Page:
The body condition of cows after calving can sometimes be surprising. The 150 pounds or so of calf and fluids are gone and it becomes much easier to see the amount of condition, or lack there of, along the back of the cow and over the hooks. Long winter hair coats can also compound the problem of accurate body condition evaluation. What are the options when body condition at calving is below target?

If these cows go to grass and there is a sufficient quantity of forage available, they may gain over a pound a day depending on milk production potential. Under conditions of slow forage growth and/or high forage moisture content, energy intake will be much lower. Using the BRANDS ration formulation program with cool season pasture as the forage, cow weight gain approaches zero when forage intake is 80% of predicted. So very early in the season cows may be just maintaining weight rather than gaining. Continuing to provide hay early in the grazing season can help, although palatability differences between the hay and new grass often makes the effort seem wasted.

Cows must be in a positive energy balance or gaining some weight before they will begin cycling again after calving. If winter feed quality has not produced the desired body condition in cows then an additional week to ten days on grass before bulls are turned out may provide a big benefit to cow reproduction. More cows will begin cycling in that time period and stand a better chance of conceiving the first 21 days of the breeding season. While calving will start a few days later the following year, normal variation in actual gestation length will lessen the effect. In addition, if bulls have been selected for low birth weight, gestation length tends to be shorter as well.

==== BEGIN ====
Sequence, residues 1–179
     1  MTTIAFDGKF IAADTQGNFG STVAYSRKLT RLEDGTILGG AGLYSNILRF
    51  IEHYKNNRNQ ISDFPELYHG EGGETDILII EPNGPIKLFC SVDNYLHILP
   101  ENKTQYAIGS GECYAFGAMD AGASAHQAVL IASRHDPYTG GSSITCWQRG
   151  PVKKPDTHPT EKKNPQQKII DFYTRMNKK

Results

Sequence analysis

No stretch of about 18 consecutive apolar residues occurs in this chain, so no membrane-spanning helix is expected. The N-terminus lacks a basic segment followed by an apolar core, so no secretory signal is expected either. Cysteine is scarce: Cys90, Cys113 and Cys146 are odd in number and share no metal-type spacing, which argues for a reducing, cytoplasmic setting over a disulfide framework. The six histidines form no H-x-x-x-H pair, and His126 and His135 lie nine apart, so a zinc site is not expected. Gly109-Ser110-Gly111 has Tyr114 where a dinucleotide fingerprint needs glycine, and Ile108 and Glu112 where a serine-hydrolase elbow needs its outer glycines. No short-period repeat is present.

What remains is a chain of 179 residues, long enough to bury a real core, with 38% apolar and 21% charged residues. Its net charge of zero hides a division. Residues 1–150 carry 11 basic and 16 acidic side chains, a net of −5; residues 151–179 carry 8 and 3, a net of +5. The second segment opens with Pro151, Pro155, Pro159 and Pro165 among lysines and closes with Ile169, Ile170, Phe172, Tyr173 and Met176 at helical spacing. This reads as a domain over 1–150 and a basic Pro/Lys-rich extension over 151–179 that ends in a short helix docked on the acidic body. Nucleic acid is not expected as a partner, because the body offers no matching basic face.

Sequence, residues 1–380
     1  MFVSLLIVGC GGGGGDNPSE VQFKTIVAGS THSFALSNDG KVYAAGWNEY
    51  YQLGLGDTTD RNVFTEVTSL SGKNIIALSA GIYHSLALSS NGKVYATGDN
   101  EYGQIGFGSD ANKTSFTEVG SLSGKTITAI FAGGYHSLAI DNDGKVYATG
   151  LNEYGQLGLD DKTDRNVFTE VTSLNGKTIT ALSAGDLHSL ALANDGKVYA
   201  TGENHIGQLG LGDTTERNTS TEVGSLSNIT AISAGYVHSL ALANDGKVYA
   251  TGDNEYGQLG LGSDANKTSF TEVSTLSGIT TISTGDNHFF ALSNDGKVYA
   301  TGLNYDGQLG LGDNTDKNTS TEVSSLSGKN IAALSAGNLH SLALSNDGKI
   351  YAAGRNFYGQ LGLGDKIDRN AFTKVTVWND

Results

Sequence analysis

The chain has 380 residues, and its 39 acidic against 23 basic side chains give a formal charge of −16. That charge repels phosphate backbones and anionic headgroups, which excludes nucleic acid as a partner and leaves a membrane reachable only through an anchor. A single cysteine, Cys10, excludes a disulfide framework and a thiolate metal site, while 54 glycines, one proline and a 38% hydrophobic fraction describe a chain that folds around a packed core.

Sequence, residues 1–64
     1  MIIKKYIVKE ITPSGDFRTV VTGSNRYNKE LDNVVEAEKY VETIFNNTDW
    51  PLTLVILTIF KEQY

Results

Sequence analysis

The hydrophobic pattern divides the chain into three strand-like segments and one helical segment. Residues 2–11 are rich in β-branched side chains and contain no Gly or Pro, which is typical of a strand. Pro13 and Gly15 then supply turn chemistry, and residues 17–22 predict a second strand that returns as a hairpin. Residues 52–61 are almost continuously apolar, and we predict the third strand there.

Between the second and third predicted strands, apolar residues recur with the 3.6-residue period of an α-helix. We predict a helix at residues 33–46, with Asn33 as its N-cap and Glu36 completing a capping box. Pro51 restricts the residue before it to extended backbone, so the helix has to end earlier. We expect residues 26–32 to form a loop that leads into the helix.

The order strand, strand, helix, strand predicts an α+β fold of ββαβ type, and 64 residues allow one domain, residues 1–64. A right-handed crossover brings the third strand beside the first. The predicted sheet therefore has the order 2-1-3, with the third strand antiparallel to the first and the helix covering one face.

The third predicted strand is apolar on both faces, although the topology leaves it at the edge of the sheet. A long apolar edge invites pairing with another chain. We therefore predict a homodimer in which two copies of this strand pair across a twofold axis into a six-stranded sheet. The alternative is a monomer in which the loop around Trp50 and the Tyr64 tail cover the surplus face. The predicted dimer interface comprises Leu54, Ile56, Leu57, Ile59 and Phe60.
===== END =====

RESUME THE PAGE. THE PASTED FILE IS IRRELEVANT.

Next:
Many systems for synchronization of estrus incorporate some type of progesterone (CIDR, MGA) exposure to induce females that are not yet cycling to cycle. While this type of treatment will not work on cows that are still too deep in anestrous, i.e. too thin or too close to calving, it will induce those that are close to resumption of normal cycles. Bull exposure and 48 hour calf removal are other management options that will induce non-cycling cows to cycle. Natural service sires at normal cow to bull ratios should have no trouble covering cows with these types of induction treatments alone.

Don’t forget the importance of having bulls in good body condition before the start of the breeding season as well. They will expend a lot of energy as soon as the breeding season starts and need the condition to do so. Good risk management for bulls includes a breeding soundness exam before turnout.

When over half of the herd has a body condition score less than 5, delaying the start of the next breeding season has the potential to keep the herd calving in a tighter group. Leaving bulls out longer may result in the same number becoming pregnant but calving will last much longer. Have you ever heard anyone say the calving season was over too soon?

Effect of low body condition at AI on pregnancy rate to AI in KSU herds

Three university herds were used in a synchronization trial in 2002 and the herds varied in body condition at the start of the synchronization protocol. The table below shows the CCU herd with an average body condition score of 4.8 at breeding and only 45% were considered to be cycling at the start of treatments. The other two herds had body condition scores just over 5 and close to 80% cycling. The AI pregnancy rates directly reflected the cow body condition score and was lowest for the CCU herd.

Source: Sandy Johnson, livestock specialist, Kansas State University Extension